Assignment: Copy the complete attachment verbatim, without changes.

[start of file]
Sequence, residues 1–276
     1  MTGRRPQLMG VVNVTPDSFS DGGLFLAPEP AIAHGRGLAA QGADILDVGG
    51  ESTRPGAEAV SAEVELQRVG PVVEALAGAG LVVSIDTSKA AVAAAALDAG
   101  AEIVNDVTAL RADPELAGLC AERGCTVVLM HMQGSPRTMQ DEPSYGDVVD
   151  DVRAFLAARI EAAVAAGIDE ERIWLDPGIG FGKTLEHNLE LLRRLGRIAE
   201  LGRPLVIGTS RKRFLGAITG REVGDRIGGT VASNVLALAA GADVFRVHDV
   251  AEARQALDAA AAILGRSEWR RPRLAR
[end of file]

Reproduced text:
Sequence, residues 1–276
     1  MTGRRPQLMG VVNVTPDSFS DGGLFLAPEP AIAHGRGLAA QGADILDVGG
    51  ESTRPGAEAV SAEVELQRVG PVVEALAGAG LVVSIDTSKA AVAAAALDAG
   101  AEIVNDVTAL RADPELAGLC AERGCTVVLM HMQGSPRTMQ DEPSYGDVVD
   151  DVRAFLAARI EAAVAAGIDE ERIWLDPGIG FGKTLEHNLE LLRRLGRIAE
   201  LGRPLVIGTS RKRFLGAITG REVGDRIGGT VASNVLALAA GADVFRVHDV
   251  AEARQALDAA AAILGRSEWR RPRLAR